Professors working in this area include:
Professor Richard Chromik
Professor Mihriban Pekguleryuz
Professor Stephen Yue

Aerospace materials are at the cutting edge of materials research since they are used at the extremes of temperature and endurance, yet must be as light as possible. These exotic materials also benefit from novel manufacturing processes. In our department, Professors Pekguleryuz and Yue are developing these materials and processes:

  • Ignition-Resistant Magnesium Alloys Professor Mihriban Pekguleryuz: Magnesium is successfully used in spacecraft structures and in the external components of aircrafts. However, the use of Mg has been restricted inside the aircraft cabin by the FAA due to potential ignition hazards. The ignition behaviour of Mg alloys is, however, quite different from pure Mg itself, where alloying can significantly slow down oxidation kinetics and increase the ignition temperature. The objective of our research is the use of rare earth and alkaline earth additions to Mg to develop ignition proof magnesium alloys for aircraft use.
  •  Cold Spray Professor Stephen Yue: Cold spray is a method to consolidate and "sinter" metal powders at temperatures well below the melting point by impacting powders at a high velocity onto a substrate. This novel method of processing can lead to enormous savings in materials costs as well as generating novel microstructures with novel and improved materials properties. Aerospace is particularly interested in this processing route.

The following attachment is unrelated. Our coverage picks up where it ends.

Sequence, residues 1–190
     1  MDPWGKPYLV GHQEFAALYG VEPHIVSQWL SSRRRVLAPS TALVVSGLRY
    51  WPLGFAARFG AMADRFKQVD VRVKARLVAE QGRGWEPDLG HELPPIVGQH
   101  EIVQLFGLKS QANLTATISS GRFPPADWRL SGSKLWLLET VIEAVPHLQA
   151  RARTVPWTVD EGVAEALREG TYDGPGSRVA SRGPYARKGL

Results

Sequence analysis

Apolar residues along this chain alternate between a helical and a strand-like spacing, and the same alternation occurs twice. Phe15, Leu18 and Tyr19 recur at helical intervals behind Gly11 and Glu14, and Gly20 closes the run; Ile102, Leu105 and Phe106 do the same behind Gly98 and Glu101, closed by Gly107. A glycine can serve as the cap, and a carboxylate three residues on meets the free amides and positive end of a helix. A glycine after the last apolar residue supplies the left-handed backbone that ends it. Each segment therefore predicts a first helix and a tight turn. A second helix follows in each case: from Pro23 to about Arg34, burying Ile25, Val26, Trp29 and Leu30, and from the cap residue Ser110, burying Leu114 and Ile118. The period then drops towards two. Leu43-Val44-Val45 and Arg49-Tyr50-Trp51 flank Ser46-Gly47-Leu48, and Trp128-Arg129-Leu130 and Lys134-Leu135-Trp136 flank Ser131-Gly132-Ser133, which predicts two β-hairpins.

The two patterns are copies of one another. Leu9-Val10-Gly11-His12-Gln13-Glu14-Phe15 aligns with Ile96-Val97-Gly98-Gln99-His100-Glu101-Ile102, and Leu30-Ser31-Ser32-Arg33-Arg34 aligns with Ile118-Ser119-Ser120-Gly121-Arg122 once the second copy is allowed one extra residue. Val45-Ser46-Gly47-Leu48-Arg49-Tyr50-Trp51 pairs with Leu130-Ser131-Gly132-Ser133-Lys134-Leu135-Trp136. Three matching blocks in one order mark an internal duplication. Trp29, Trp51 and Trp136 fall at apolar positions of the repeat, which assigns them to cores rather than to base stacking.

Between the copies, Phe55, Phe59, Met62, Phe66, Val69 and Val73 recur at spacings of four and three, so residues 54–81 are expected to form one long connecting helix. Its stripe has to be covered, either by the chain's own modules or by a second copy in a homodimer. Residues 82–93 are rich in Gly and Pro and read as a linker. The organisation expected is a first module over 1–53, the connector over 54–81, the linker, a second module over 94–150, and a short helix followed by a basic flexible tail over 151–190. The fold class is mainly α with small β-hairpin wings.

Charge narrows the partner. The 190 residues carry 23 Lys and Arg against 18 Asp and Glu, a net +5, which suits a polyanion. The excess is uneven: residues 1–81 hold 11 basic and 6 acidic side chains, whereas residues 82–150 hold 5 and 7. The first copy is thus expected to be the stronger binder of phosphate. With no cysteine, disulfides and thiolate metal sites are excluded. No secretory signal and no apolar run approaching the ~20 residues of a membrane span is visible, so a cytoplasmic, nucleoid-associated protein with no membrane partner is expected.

• Pulsed Electron Beam Physical Vapour Deposition Professor Stephen Yue: Physical Vapour Deposition is a way to produce ceramic coatings on metallic substrates for jet engine applications, protecting turbine blades from heat and erosion. Pulsing the electron beam allows for an infinite variation in chemical composition of these coatings, enabling optimization of properties.
  • Aerospace Coatings Professor Richard Chromik: Aerospace systems routinely make use of coatings for a wide range of applications – thermal management, wear and corrosion resistance, and even for their abradable properties to keep tolerances in gas turbine engines. Prof. Richard Chromik studies two main classes of coatings for aerospace applications. Hard coatings are studied for their wear resistance and can be found in bearings or the leading edge of turbine blades for erosions protection. Solid lubricant coatings are studied for their importance in satellite systems and potential self lubricating properties to reduce oil consumption.
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